SINGAPORE - Mr S R Nathan was one of the pioneers who built the foundations of Singapore, President Tony Tan Keng Yam said in a condolence letter to Mrs Urmila Nathan.
Mr Nathan "rose from humble beginnings to become the sixth and longest serving President of Singapore", Dr Tan wrote.
Dr Tan and Mrs Tan were at the private family wake at Mr Nathan's home in Ceylon Road on Wednesday (Aug 24) afternoon. Mr Nathan died on Monday (Aug 22) aged 92.
He recounted Mr Nathan's journey from a medical social worker in the 1950s to President of Singapore from 1999 to 2011 in his letter.
"Mr Nathan served with dedication and distinction each time he was called upon to take on leadership positions in various agencies and ministries," he said.
Recalling the Laju hostage crisis in 1974, Dr Tan said that Mr Nathan showed "utmost courage" in the handling of the crisis.
The former president, who was then director of the Security and Intelligence Division at the Ministry of Defence, was among a team who volunteered to take the place of some hostages and successfully negotiated with Palestinian and Japanese Red Army terrorists, he said.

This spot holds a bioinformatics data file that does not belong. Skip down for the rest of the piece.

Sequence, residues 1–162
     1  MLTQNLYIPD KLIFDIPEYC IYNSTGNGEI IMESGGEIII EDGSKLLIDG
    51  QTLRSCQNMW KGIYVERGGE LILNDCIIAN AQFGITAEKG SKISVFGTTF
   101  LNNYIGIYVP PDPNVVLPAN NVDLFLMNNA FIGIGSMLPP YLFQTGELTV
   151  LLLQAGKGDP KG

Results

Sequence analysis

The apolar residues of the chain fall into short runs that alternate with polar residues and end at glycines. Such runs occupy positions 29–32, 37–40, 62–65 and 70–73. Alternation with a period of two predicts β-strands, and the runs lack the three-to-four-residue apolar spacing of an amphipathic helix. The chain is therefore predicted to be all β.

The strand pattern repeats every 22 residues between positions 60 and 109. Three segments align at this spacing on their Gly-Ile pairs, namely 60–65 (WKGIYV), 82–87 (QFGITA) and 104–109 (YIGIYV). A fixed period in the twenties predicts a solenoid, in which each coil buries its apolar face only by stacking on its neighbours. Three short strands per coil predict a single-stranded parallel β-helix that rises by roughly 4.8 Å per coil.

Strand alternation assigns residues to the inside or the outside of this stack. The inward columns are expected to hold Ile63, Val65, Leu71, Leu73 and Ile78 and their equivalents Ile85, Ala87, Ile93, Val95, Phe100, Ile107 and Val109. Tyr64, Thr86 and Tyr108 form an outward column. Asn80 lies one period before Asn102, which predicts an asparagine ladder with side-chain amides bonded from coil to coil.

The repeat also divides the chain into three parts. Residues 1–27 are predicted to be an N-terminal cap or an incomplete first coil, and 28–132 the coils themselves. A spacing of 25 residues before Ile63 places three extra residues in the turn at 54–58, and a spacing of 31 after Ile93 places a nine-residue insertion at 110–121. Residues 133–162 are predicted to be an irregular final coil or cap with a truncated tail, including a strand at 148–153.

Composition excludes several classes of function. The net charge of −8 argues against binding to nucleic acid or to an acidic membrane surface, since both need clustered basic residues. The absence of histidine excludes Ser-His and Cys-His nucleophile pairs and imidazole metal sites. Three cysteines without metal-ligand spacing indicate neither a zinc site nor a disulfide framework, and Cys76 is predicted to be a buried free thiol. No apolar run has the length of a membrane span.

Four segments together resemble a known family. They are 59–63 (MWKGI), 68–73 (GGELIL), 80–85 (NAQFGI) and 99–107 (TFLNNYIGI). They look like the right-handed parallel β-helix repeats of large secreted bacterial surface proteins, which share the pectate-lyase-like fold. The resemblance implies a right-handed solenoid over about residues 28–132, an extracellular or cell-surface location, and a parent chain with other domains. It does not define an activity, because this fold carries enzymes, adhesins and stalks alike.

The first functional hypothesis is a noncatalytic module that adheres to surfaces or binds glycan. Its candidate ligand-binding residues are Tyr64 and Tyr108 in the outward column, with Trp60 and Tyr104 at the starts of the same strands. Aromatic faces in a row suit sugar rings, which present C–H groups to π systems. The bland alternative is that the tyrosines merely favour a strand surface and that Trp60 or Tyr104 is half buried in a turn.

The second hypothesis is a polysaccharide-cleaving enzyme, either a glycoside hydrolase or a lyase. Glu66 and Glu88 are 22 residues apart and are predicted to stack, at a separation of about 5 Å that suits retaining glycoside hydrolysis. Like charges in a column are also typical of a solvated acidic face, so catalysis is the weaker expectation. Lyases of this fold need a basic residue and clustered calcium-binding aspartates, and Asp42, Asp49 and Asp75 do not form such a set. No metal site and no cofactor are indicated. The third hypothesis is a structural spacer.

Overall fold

After retiring from the civil service, Mr Nathan became the executive chairman of The Straits Times Press (1975), the predecessor of Singapore Press Holdings. He was later appointed Singapore's High Commissioner to Malaysia and Ambassador to the United States.
He also uplifted the Indian community as chairman of the Hindu Endowments Board and was a founding member of Sinda.
As president, Mr Nathan championed social causes such as the President's Challenge, which he initiated.
"I will always remember S R as a courageous, approachable and honourable gentleman who was deeply committed to Singapore," said Dr Tan.
"Whether as a steadfast diplomat or as a resolute advocate for social causes, S R's lifetime focus was always on how Singapore can be a better home for Singaporeans. His heart for the people of Singapore is an inspiration for me and for all Singaporeans."